The Art of Slowing Down Time
Documentary, 30 minutes
Solo-sailor Emma Ringqvist decides to leave the stress of modern life behind, and spends 164 days alone on the Atlantic in a small sail boat. This film includes poetry from Stephen Jenkinson, recorded and arranged by Gregory Hoskins. It also features artwork from Daniel Beerstecher’s Land Sailor project, filmed by Erik Schimschar. Also: photography from the remote island Tristan Da Cunha by renowned travel photographer Andy Isaacson.
A Word from the Director
When I interviewed author and poet Stephen Jenkinson a while back, I asked him something along these lines: ”If humanity is heading in the wrong direction, what might the beginning of a right direction look like?”. In his answer he suggested that, before insisting on any particular direction, we need to slow down our momentum. And that, even if we’re heading towards ecological sanity, we need to head there slowly. (You can watch or listen to that full interview here).
I’ve been thinking about that a lot. Intuitively it feels like these times are calling for us to hurry up. That time is running out on our hope to reverse climate change and begin the large scale social and ecological healing work that the world so desperately needs. But still, on some deep level, Stephen’s idea of slow-going, of being less, and not more efficient, rings true to me.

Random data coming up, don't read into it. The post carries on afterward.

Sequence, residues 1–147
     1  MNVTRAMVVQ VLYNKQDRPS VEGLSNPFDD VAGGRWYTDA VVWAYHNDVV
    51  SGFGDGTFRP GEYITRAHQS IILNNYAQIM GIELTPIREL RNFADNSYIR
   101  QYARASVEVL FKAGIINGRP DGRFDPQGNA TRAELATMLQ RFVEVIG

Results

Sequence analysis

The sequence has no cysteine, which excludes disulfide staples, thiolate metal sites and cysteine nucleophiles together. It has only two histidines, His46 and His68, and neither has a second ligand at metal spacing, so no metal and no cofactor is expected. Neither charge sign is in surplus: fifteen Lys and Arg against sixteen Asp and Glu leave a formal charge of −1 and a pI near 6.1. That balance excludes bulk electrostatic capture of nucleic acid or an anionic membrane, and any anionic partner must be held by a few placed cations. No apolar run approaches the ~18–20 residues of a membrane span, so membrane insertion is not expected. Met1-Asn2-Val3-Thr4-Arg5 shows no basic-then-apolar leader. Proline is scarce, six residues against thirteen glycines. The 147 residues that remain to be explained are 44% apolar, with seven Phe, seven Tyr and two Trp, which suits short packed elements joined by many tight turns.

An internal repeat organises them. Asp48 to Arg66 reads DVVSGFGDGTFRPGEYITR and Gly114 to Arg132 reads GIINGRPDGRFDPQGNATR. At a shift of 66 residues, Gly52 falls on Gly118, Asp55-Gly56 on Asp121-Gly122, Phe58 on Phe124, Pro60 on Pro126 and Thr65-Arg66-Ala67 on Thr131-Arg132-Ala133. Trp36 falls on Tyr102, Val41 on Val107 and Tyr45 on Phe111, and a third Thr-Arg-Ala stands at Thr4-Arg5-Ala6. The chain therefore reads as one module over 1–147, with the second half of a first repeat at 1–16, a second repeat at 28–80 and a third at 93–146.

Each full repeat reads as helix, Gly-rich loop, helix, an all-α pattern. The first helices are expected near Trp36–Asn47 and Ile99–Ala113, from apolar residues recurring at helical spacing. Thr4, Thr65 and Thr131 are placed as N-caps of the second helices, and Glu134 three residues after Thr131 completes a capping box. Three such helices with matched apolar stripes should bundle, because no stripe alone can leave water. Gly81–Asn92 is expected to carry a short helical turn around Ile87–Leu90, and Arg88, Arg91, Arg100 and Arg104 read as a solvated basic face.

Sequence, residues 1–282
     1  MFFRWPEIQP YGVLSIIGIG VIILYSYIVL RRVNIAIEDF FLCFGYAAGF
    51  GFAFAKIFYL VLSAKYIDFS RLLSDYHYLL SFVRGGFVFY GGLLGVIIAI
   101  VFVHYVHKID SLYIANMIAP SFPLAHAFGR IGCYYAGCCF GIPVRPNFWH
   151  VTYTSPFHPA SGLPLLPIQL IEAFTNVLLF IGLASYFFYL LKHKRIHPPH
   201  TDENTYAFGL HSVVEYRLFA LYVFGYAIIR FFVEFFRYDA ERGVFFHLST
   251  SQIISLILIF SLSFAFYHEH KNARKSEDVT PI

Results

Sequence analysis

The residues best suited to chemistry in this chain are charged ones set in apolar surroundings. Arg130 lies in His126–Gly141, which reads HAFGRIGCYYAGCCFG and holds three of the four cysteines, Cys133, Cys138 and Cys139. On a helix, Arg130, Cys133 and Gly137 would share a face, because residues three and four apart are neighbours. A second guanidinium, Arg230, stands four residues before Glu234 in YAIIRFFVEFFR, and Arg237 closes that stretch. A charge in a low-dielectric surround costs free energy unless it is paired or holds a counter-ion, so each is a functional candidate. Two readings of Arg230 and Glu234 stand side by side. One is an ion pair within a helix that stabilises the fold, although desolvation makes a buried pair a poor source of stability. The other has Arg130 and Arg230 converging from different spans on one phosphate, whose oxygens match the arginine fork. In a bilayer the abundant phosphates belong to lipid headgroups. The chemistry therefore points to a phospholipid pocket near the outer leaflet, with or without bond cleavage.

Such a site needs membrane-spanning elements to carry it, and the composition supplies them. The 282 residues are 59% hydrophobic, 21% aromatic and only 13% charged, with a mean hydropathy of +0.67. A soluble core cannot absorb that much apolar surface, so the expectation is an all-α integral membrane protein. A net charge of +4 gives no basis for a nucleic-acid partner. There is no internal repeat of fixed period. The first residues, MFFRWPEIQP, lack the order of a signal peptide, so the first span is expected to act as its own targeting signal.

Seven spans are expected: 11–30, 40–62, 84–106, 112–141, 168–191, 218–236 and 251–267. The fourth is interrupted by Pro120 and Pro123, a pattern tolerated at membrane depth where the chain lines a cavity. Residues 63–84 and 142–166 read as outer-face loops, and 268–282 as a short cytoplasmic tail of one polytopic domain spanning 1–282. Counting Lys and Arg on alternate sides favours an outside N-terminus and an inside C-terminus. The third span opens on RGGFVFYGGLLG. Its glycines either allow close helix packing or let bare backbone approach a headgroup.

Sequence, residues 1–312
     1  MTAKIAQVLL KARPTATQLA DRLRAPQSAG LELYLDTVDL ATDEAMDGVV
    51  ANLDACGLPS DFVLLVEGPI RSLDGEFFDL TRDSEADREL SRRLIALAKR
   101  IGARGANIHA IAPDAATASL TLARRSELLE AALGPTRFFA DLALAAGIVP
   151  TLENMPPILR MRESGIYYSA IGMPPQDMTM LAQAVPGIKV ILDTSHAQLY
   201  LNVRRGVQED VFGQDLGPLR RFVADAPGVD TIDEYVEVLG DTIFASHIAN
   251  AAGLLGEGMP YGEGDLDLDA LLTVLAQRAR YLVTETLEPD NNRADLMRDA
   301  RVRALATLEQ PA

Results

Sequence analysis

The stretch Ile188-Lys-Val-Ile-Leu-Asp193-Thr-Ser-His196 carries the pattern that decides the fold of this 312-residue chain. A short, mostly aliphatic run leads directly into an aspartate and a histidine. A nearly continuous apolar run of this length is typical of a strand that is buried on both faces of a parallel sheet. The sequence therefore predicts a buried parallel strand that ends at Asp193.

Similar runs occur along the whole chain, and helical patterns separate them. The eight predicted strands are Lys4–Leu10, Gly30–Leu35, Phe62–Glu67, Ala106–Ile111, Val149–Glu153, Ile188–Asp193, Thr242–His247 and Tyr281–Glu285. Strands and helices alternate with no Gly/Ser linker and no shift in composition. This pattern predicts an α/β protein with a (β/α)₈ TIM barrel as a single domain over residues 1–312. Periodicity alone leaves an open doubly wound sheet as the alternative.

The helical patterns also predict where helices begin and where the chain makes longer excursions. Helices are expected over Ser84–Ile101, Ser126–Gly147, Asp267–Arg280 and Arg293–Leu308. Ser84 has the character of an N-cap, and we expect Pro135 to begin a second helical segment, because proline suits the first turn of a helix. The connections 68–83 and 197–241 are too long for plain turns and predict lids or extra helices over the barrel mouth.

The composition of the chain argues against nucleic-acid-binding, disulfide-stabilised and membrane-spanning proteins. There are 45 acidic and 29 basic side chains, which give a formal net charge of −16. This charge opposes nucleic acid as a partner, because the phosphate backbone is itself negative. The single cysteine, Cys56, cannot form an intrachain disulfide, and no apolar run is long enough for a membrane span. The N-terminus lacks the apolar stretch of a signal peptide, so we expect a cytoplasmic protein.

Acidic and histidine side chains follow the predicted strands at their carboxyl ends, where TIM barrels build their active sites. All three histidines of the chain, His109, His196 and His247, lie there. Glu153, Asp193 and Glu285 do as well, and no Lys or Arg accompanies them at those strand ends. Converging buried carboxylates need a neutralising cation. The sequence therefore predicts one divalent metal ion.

One outcome of trying to implement this idea in my life, was a one-year challenge of biking instead of driving to work. (There’s a short film about that challenge here). Another one is this film with solo sailor Emma Ringqvist, who decided to leave the rat race and the social media noise behind, for what turned into a 164 day soul cleanse on the Atlantic Ocean.
I reached out to Stephen Jenkinson and asked if he might be interested in creating a piece of poetry for this film, and was thrilled when he said yes. It wasn’t long until he’d written a piece, and had contacted his partner in crime, Gregory Hoskins, to record and arrange it. This film includes a shortened version of the poem, but I’m also planning to release the full piece as a separate film. More on that in the coming days and weeks.
The poem used in the film is an excerpt from the piece “Still” by Stephen Jenkinson. You may listen to the full poem here.
Find out more about Canadian poet and writer Stephen Jenkinson.
Gregory Hoskins is the musician who recorded and arranged Stephen’s words in the film.
The photographs from the island Tristan Da Cunha were taken by renowned travel photographer Andy Isaacson.
Boris Laible is the man responsible for the film’s stunning sound design (you’d better turn that volume UP!).